Scientists Look at What 'bugs' Bugs

BALTIMORE, Aug. 25 (UPI) — Research into just what insects find so “repellent” about insect repellents could reduce the spread of diseases, U.S. scientists say.

Published studies into two common insect repellents, DEET and citronella, found it’s not just the smell insects such as mosquitoes don’t like, but also the taste, reported Wednesday.

This better understanding of exactly what makes these repellents nasty could lead to a new generation of repellents, which would more effectively reduce the spread of diseases such as malaria and dengue fever, researchers said.

The research “hopefully points more and more toward a new horizon for replacements for things like DEET that will have higher effectiveness, lower toxicity and more environmental friendliness,” molecular neuroscientist Laurence Zwiebel of Vanderbilt University in Nashville, who was not involved in the current studies, said.

Although it had been known the smell of DEET works to repel mosquitoes, the new research shows it also can ward of the pests when they taste it.

A female mosquito landing on your skin uses special taste neurons on her body to determine whether there’s good eating to be had.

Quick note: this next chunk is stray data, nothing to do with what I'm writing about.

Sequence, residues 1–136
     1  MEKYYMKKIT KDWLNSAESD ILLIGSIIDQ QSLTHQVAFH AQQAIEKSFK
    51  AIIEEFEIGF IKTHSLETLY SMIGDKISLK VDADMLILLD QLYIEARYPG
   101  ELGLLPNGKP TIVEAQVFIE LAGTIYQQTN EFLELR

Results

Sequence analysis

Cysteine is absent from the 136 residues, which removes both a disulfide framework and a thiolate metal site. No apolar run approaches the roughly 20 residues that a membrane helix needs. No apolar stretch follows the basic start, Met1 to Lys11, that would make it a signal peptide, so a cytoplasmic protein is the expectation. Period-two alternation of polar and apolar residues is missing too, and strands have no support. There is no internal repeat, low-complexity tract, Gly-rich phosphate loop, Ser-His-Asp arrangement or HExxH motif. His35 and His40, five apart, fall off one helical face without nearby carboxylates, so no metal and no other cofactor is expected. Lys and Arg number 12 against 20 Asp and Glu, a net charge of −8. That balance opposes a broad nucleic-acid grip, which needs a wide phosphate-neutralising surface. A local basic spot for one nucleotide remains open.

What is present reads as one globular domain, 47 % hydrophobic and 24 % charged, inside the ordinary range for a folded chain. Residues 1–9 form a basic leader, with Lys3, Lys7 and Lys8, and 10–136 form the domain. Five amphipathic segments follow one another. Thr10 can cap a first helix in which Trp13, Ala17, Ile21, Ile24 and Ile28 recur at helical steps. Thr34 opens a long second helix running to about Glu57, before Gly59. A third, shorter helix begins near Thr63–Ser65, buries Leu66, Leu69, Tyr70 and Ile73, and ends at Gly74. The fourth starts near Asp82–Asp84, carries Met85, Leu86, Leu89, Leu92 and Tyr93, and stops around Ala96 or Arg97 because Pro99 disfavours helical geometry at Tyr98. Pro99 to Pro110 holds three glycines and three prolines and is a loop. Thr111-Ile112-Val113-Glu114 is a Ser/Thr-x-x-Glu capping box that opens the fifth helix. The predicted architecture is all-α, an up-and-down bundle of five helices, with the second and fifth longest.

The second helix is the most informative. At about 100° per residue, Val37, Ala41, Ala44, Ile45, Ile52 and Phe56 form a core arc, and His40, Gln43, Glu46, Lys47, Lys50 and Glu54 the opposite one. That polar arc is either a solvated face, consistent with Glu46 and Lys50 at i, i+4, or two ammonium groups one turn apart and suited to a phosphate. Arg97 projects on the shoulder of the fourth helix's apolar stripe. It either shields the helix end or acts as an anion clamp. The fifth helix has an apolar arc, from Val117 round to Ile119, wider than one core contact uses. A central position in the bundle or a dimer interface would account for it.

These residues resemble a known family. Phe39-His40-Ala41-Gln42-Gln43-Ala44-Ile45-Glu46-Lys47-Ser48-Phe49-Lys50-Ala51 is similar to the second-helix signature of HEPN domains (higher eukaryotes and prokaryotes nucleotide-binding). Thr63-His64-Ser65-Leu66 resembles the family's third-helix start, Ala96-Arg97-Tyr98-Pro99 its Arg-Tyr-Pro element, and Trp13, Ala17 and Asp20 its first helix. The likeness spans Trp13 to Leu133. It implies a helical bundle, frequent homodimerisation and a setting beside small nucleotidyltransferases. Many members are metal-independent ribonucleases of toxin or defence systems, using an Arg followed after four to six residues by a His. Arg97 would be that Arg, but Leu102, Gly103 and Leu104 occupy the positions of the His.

“The first line of defense is you want to keep the bugs away from you,” Craig Montell of Johns Hopkins University School of Medicine in Baltimore says. “But even if they do land on you, because DEET is also detected through the sense of taste, it also provides some protection by preventing them from biting.”

Researchers think mosquitoes and other biting insects, such as ticks, fleas or chiggers, may taste and smell repellents in a variety of ways.

Knowing exactly how repellents are repulsive to bugs could allow researchers to uncover better formulations that trigger the same reaction, Montell says.

“This opens the possibility of screening through literally hundreds of thousands of compounds to find more effective repellents.”

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